Delivered By: His Excellency Sheikh Shakhboot Nahyan Al Nahyan, Minister of State
I want to begin by welcoming His Excellency Hassan Sheikh Mohamud to today’s meeting of the Security Council.
I also wish to thank our briefers today, SRSG Laing, Executive Director McCain, and Ambassador El-Amine.
Your briefings gave well-informed, high-level insights on the complex challenges that Somalia faces.
The address from his Excellency President Hassan Sheikh Mohamud reminded us that Somalis themselves have the resolve and the vision to own the solutions to those challenges and pave the way towards a society that reflects their aspirations.
The UAE offers its full support to Somalia in the spirit of partnership and our longstanding support to the country and its people.
To this effect, today I want to make three points:
First, it’s important to support Somalia’s national vision.
In recent months, the Federal Government of Somalia has shown commitment to building state institutions that articulate a forward-looking strategy, beginning with a focus on reconciliation and on revamping their electoral system.
We are encouraged by the fact that the government has taken steps, through negotiation and dialogue, towards reaching the needed agreements and compromises on all these processes.
We commend in particular the focus on improving cooperation and exchanges between the FGS and the federal member states through the National Consultative Council. Inclusive discussions geared towards reaching a political agreement on power sharing and other outstanding issues of federalism are welcome, especially within the context of the constitutional review process.
By adhering to principles of mutual respect, dialogue, and compromise, and by putting in place mechanisms for reconciliation, it is possible to build a Somalia that reflects the aspirations of all of its people.
Despite these advances, the ongoing violence in Las Anod and the resulting civilian casualties are of great concern. The UAE strongly supports all efforts to de-escalate the tensions through dialogue and we commend the efforts by the FGS in this regard.
Second, greater emphasis should be put on supporting efforts to counter Al-Shabaab.
Today, we can all agree that Somalia’s most significant challenge to achieving its political and socio-economic ambitions is international terrorism on its soil.
The UAE is deeply concerned about the increase in attacks by Al-Shabaab against civilians and security actors, including those targeting ATMIS personnel and facilities.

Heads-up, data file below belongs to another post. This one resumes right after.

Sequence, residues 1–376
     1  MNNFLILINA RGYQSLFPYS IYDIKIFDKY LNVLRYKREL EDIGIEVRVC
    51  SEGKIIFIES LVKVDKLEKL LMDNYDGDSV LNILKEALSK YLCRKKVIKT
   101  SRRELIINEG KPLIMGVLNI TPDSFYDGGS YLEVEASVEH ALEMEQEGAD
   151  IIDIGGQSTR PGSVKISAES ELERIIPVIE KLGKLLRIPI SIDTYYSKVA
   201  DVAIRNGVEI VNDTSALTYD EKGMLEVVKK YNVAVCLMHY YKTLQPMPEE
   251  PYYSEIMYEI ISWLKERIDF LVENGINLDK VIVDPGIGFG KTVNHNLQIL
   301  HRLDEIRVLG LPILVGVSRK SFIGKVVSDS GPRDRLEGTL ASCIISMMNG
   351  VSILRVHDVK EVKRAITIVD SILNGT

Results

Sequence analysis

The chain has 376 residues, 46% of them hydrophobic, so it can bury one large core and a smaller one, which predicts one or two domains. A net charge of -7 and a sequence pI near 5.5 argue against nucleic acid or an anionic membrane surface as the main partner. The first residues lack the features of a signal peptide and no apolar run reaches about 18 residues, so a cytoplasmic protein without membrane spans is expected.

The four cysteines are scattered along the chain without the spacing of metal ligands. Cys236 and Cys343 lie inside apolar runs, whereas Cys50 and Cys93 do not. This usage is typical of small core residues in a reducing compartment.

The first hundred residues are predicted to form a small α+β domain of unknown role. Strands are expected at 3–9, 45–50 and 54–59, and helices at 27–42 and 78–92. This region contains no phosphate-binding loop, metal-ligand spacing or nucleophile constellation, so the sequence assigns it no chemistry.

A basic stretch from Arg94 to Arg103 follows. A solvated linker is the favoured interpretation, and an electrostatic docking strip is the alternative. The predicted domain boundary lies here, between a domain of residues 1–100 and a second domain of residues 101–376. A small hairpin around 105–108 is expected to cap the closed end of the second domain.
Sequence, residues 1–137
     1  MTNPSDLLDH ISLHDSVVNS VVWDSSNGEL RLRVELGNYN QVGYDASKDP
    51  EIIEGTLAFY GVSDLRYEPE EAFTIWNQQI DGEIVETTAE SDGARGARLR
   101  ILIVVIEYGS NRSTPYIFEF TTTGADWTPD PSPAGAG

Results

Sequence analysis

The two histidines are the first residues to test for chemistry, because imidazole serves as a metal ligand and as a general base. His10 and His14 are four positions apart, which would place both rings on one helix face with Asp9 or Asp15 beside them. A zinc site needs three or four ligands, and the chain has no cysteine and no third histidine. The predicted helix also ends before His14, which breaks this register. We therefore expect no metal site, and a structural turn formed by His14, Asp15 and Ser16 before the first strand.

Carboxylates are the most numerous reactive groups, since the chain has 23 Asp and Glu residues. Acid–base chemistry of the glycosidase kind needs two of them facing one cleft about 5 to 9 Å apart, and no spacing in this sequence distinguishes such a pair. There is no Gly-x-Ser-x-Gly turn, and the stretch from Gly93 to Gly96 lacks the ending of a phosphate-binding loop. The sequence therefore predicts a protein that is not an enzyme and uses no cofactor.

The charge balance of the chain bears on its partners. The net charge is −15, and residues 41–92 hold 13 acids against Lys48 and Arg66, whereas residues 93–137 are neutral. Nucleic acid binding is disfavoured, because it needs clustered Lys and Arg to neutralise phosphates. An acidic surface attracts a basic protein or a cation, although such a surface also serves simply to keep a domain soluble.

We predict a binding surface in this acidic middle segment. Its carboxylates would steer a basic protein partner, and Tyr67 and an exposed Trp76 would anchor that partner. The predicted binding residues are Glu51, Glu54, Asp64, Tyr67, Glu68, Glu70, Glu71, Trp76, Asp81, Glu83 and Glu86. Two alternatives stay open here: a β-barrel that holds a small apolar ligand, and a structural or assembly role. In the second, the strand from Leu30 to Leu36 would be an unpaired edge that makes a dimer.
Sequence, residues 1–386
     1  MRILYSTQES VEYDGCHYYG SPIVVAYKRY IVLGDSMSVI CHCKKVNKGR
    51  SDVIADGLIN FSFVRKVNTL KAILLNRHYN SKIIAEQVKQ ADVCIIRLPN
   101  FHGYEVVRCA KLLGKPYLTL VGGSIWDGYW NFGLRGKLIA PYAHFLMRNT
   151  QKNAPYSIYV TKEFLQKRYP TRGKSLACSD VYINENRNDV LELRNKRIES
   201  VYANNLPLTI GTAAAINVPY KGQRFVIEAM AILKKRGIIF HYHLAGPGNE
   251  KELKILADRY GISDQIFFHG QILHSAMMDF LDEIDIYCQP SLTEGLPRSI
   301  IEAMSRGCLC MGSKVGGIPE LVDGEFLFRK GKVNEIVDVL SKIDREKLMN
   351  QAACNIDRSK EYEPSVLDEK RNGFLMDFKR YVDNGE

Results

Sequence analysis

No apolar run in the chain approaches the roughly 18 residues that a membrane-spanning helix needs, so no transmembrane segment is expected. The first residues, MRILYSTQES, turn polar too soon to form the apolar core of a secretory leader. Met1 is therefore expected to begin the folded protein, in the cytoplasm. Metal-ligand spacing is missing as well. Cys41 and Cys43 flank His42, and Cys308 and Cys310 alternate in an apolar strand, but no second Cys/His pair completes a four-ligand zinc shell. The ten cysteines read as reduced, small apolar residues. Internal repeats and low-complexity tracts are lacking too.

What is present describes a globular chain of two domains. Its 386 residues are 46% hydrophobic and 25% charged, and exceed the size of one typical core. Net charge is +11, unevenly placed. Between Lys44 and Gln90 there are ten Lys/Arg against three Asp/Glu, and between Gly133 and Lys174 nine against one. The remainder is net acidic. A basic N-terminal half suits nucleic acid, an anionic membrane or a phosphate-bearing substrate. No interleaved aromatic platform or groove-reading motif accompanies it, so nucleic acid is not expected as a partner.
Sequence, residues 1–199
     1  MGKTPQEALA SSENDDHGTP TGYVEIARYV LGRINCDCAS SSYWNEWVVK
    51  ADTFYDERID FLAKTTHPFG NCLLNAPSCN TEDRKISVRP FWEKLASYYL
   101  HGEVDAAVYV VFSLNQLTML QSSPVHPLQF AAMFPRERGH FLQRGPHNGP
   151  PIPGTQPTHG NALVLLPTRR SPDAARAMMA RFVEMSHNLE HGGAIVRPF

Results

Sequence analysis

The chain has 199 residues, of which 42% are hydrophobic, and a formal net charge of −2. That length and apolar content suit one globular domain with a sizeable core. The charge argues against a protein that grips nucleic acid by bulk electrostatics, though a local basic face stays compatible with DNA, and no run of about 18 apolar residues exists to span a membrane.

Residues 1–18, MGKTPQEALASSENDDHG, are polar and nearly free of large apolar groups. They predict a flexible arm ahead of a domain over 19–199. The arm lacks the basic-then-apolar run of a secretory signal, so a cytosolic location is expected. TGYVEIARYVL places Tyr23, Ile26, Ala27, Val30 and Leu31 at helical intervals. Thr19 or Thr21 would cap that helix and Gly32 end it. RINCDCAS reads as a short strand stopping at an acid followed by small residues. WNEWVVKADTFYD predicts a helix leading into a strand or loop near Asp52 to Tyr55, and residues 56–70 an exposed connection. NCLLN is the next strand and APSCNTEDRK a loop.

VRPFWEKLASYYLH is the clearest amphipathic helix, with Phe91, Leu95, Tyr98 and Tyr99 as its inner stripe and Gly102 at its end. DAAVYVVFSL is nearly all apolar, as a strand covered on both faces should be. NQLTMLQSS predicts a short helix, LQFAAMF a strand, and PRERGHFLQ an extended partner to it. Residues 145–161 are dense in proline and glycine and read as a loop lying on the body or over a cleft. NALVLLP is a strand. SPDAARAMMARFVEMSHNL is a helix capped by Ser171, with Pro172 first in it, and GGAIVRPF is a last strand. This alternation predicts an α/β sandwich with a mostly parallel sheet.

In the first quarter of 2023, the number of terrorism-related incidents surpassed all previous quarterly averages on record since 2016.
Countering Al-Shabaab is already an international effort. And in recent months, the government of Somalia has undertaken steps that strengthen its security institutions and send a clear signal that dismantling Al-Shabaab is a priority.
These also include the progress made in the implementation of the arms embargo concerning Al-Shabaab, strengthening its weapons management system and holding regular exchanges in the context of the Weapons and Ammunition Mechanism working group.
Much more still needs to be done.
The best chance of success will arise from striking a balance between advancing offensive operations while consolidating the hold on areas that have been liberated from Al-Shabaab.
In addition, there is a need to secure support from local communities while making further advances, in order to prevent Al-Shabaab from exploiting security vacuums.
It is the responsibility of the Security Council to be vigilant to Somalia’s needs at this critical juncture. This means ensuring that the tools this Council uses are fit for purpose and that measures adopted to constrain nefarious actors in the interest of a State seek to help – and not hinder – the security needs of its people.
As discussions around the draw-down of ATMIS progress, consideration and coordination between all partners must remain front and centre, to ensure synchronicity between the UN, Somalia’s regional partners, and frontline state neighbors during the transition.
Third, the international community must support the scale up of humanitarian and climate change responses in Somalia.
Moments ago, we heard in detail about the deeply distressing situation facing millions of Somalis each day.
The situation is leading to regional spillover and instability as the drought has driven hundreds of thousands of Somalis to seek refuge in neighbouring countries.
As always, women and children are hardest hit, and make up more than 80 per cent of the displaced population.
Scaled up and coordinated assistance should be put in place to tackle the twin humanitarian and climate crises.
The UAE is working with the Somali government and its partners to help alleviate the humanitarian needs on the ground: During the period of 2018-2023, assistance from the UAE to Somalia amounted to 194.6 million dollars.
The UAE remains a trusted partner of Somalia and shares a strong message of support. We will remain standing by the Somali people in their pursuit of sustainable peace, and prosperity.
I thank you.